How much would you spend to save your life?

  • Published
  • By Master Sgt. Daniel Donnelly
  • 51st Logistics Readiness Squadron
What's your life worth? One-million dollars? Maybe a few hundred thousand? What if I told you something that cost me $19.99 saved my life?

That was the cost of the bicycle helmet I bought two years ago, and it recently proved to be much more valuable to me.

I was doing what a lot of us at Osan do -- riding my bike. I went to work, to the gym and then rode home to my off-base residence.

On this day, at about 2 p.m., the sun was out bright as I came across a busy downtown intersection. The green cross light was counting down and I had about five seconds to cross the street. I made it across safely, but I had a little too much speed and lost control.

Everything happened so fast. I swerved left to miss a person. I then went to the right around a bus bench, but despite every effort to avoid all the hazards, my left handle bar clipped a light pole. Striking the pole caused me to fly over my handle bars and land on the ground where I hit my right temple.

I hit the ground so hard I blacked out. When I woke up I started checking my limbs and looking for blood. I had road rash here and there from the fall, but I didn't feel I had any broken bones. I took off my helmet and found it broken in two, right near my temple.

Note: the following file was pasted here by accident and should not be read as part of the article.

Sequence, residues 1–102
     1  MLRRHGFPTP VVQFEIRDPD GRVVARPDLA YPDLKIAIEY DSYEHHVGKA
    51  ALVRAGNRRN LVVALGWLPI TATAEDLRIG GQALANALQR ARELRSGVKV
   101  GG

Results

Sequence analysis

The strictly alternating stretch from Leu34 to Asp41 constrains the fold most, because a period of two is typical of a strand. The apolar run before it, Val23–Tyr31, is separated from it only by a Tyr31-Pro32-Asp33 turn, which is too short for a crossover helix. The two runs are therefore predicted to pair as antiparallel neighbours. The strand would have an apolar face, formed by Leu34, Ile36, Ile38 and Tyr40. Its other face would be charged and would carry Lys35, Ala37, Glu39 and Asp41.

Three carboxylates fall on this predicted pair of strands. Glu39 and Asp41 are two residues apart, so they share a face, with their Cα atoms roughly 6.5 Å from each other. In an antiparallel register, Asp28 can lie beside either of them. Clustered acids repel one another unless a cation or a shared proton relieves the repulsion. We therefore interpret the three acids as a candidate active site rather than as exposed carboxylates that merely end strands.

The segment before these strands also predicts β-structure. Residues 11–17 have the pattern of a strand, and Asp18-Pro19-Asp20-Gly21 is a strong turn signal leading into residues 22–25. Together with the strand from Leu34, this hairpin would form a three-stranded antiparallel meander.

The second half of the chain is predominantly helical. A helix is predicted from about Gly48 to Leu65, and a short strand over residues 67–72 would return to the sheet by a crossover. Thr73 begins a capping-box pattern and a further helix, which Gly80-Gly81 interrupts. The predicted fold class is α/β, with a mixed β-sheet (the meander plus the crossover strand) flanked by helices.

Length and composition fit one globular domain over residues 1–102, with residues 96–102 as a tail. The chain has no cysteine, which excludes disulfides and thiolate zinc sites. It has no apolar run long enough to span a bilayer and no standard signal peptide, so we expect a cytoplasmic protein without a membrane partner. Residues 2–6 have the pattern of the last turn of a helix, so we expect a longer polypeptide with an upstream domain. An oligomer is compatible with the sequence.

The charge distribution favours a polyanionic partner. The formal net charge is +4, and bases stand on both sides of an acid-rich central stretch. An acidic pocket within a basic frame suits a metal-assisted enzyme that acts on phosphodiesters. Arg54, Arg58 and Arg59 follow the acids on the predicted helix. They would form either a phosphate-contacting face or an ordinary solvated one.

This is the point where I realized just how important safety gear is, and how much it's worth.

Some people think it's a waste to spend money on safety gear and I have to be honest, I was one of them. This experience showed me that spending a few dollars now could save a lot of pain and suffering later.

Applying some ORM to the situation made me realize I would still be wearing that helmet, but looking back, I would have waited for the next green light rather than hurrying across the street. Looking at the same light now I realize there was a lot going on and there were a lot of potential hazards.

On the day of my accident, had I scanned the area a little better and taken a little extra time thinking what could happen, I would have made a different choice.

Still, $19.99 saved my life.